Judi Chamberlin

From Wikipedia, the free encyclopedia
Jump to: navigation, search
Judi Chamberlin
Judi Chamberlin 2000 From Privileges to Rights.jpg
Judi Chamberlin upon the publication of the National Council on Disability's federal report From Privileges to Rights
Born Judi Ross
(1944-10-30)October 30, 1944
Brooklyn, New York, U.S.A.
Died January 16, 2010(2010-01-16) (aged 65)
Arlington, Massachusetts, U.S.A.
Nationality American
Education Midwood High School, Brooklyn
Occupation Director of Education National Empowerment Center
Co-chair WNUSP
Years active 1971–2010
Known for Internationally known psychiatric survivor movement activist and author
Notable work(s) On Our Own: Patient Controlled Alternatives to the Mental Health System (1978)
From Privileges to Rights (2000)
Board member of
MindFreedom International
Spouse(s) Howard Cahn (divorced)
Robert Chamberlin (divorced)
Ted Chabasinski (1972–1985)
Partner(s) Martin Federman (2006–2011)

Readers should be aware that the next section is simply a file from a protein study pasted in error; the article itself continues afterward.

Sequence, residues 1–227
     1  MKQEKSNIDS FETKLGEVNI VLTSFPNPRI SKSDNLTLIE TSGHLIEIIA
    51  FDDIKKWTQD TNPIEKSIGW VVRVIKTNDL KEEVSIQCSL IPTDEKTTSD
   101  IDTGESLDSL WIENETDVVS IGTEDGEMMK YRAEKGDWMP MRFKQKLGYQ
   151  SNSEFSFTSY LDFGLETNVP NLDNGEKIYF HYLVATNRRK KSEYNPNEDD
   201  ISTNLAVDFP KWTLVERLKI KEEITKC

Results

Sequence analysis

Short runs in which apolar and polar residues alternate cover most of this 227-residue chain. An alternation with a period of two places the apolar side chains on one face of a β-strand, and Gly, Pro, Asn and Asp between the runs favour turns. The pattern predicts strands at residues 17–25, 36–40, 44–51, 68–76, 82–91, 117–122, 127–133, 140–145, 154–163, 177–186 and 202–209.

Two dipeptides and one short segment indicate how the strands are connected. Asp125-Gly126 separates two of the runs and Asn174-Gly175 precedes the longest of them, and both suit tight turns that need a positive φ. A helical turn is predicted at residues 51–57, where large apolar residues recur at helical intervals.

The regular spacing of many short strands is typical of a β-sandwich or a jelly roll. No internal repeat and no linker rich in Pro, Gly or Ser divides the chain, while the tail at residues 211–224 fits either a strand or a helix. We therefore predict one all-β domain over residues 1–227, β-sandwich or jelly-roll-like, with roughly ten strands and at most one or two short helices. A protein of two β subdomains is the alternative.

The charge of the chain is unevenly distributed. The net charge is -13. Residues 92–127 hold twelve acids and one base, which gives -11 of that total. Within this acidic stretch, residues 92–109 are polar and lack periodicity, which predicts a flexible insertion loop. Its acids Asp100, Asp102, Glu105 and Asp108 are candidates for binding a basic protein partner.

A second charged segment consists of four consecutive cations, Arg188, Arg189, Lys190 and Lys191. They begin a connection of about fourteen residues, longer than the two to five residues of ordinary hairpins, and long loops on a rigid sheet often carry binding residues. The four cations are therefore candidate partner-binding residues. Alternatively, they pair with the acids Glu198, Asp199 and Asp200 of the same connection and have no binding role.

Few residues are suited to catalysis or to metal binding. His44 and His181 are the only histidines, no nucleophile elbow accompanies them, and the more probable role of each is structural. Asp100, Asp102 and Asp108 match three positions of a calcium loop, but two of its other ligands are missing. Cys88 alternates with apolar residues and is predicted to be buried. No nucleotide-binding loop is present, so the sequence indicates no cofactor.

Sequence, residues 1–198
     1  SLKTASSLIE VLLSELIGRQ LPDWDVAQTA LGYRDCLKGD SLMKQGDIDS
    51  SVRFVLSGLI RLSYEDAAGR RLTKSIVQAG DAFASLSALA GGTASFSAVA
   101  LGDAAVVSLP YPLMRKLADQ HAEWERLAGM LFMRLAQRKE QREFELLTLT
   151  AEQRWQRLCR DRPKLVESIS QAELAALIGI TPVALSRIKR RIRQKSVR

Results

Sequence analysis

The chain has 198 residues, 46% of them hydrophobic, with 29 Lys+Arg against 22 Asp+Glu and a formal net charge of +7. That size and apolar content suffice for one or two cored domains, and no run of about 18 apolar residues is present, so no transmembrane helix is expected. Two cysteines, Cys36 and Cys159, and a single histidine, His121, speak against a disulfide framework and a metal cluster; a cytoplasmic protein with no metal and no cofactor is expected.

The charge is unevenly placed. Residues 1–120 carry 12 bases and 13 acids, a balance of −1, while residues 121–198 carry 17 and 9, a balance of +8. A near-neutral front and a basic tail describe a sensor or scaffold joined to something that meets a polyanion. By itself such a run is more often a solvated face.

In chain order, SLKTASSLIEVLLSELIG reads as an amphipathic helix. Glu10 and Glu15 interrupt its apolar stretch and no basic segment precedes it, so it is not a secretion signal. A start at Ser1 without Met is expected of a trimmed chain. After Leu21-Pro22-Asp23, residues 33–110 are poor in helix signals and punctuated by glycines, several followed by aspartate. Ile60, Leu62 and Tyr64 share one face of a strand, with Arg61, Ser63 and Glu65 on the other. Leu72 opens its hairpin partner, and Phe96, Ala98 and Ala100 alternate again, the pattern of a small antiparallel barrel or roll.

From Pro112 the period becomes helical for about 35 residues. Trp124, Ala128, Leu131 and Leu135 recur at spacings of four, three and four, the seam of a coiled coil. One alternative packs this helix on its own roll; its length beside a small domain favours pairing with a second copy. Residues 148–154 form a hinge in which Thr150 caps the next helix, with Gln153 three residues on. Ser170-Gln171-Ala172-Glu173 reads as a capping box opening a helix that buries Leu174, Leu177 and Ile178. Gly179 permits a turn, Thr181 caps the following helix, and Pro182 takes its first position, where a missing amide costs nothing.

Children 1
Awards Distinguished Service Award of the President of the United States
Website
www.power2u.org/judi-tribute-book.html
Notes
Ted Chabasinski and Judi Chamberlin divorced in 1985 so that he could marry his second wife. However, they separated as couple c. 1974. They remained close friends.

Judi Chamberlin (née Ross; October 30, 1944 – January 16, 2010) was an American activist, leader, organizer, public speaker and educator in the psychiatric survivors movement. Her political activism followed her involuntary confinement in a psychiatric facility in the 1960s.[1][2] She was the author of On Our Own: Patient-Controlled Alternatives to the Mental Health System, which is a foundational text in the Mad Pride movement.[3]

Early life[edit]